Health and the Factors Driving Medical Spending

David M. Cutler

NBER Retirement Research Center Paper No. NB 06-14
Issued in September 2008

With the rising cost of health care already a major concern for government, employers and individuals, one might reasonably ask what the future holds. Is the future burden of health care greater, lower, or just different? This paper reports on a multi‐faceted research agenda on the factors that influence health and health care costs over time, and what they suggest for the future (see Cutler 2006 and Cutler, Glaeser, and Rosen 2008). Projecting the future is substantially more complicated than looking at age‐specific health care spending today, and adding to that the component costs that might be associated with an older population demographic. It is at least as importantly about the evolution over time in health behaviors, chronic illness, medical innovation, education, disability, health care financing systems, the state of the economy and many other influences. Thus I have been engaged in research across a multitude of these inter‐related influences. I start by considering theoretically how to forecast medical spending. Traditional models of spending consider population demographics only. I highlight those models and their results in Section I. Section 2 then focuses on the evolution of health behaviors and risk factors, such as smoking, obesity, and control of hypertension and high cholesterol. These risk factor changes have had a mixed influence on health trends to date and, depending on how health behaviors continue to evolve in the future, could be fundamental to population health in the future. Section 3 considers the major advances in medical innovation in recent years, most of which have improved health, some of which have done so with expensive technological care, but some of which have contained costs with more effective disease and risk management. While I make no attempt to quantitatively integrate these various influences to project future health care costs, I conclude with some observations about a model that would do so.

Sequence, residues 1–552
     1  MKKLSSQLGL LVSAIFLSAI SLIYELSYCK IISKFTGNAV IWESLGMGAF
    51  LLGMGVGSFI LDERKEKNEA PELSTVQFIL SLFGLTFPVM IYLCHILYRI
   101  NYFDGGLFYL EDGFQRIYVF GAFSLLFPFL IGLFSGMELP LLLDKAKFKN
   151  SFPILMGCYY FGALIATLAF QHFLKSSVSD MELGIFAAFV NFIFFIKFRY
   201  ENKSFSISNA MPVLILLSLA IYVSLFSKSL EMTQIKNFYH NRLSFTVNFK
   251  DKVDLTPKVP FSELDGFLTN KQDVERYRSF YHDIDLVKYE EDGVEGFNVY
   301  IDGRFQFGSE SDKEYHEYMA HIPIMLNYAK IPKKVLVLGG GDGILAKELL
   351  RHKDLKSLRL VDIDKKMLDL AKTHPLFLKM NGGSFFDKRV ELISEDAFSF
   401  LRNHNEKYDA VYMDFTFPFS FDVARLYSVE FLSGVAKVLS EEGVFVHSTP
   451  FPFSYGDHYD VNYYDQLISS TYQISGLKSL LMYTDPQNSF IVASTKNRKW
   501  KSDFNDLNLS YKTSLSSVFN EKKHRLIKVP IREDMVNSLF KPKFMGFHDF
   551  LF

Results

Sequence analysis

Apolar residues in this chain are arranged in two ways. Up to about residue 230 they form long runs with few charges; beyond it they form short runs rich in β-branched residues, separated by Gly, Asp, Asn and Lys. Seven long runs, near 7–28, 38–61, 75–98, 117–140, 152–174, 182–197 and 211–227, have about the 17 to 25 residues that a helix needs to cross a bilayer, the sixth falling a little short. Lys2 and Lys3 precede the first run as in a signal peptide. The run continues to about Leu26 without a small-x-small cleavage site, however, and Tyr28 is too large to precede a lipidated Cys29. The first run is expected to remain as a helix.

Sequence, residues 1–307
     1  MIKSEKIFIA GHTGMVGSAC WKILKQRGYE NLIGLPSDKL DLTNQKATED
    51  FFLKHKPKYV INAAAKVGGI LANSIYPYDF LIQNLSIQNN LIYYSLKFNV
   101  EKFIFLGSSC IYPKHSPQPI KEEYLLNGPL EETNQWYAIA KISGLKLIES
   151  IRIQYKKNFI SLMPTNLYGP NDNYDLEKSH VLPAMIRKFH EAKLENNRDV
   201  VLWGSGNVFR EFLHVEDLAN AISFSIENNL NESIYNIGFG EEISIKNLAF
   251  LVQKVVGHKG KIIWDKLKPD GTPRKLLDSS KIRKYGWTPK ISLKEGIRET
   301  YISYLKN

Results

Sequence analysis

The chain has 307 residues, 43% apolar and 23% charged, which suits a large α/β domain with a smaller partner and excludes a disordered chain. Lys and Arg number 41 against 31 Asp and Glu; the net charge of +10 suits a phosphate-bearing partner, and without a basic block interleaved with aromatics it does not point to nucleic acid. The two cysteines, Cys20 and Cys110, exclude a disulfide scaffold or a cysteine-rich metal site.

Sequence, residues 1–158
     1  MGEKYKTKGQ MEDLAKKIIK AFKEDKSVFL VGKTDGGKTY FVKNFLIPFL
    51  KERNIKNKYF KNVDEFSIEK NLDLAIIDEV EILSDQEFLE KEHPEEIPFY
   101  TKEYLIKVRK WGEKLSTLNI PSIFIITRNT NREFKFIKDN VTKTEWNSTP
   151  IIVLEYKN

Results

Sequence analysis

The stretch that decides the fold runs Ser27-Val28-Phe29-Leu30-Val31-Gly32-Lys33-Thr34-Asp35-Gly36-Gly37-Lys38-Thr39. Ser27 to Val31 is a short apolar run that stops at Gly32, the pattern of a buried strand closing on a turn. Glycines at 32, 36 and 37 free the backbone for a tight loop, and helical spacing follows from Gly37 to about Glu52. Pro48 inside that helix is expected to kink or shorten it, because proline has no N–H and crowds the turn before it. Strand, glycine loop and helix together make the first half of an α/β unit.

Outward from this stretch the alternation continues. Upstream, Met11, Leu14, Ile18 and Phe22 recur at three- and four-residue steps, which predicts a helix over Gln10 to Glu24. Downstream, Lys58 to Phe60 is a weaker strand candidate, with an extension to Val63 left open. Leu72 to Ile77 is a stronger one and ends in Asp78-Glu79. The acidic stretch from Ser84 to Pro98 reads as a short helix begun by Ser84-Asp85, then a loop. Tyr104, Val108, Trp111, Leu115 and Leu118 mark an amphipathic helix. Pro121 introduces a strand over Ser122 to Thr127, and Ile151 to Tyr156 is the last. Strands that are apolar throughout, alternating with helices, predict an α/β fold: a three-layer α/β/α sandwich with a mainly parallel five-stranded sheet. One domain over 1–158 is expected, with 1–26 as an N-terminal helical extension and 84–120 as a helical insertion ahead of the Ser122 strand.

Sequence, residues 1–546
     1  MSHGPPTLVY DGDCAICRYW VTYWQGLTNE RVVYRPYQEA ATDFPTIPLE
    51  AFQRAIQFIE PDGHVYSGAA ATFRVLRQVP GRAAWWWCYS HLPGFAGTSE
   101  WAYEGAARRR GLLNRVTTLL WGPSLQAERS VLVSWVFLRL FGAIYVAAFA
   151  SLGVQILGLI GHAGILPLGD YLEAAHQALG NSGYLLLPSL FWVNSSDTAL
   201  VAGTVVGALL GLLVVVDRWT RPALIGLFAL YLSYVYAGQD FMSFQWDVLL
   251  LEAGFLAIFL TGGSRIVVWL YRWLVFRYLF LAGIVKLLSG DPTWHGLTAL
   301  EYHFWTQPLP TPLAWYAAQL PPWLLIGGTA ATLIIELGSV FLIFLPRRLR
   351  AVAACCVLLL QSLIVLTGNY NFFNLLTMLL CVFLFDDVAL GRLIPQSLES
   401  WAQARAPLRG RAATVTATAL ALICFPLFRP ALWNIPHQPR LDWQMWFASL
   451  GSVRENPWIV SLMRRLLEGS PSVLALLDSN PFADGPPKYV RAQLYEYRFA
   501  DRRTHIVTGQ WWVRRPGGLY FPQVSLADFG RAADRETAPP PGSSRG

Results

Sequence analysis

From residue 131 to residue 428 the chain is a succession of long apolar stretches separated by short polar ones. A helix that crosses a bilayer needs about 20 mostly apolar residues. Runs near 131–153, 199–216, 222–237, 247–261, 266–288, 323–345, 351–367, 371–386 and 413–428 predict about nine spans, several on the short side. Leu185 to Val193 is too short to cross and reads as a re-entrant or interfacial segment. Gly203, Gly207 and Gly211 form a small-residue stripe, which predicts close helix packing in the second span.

PDF (298 K)

Acknowledgments